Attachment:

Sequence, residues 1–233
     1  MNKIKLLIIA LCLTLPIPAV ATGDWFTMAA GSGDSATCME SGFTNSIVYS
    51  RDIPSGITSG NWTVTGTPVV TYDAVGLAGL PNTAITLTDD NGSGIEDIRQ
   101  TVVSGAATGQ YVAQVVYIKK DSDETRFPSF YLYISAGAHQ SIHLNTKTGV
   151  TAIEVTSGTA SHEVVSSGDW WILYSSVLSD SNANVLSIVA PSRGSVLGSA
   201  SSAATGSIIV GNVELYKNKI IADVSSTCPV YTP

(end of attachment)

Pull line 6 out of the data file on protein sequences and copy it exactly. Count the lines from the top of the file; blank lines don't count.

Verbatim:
   201  SSAATGSIIV GNVELYKNKI IADVSSTCPV YTP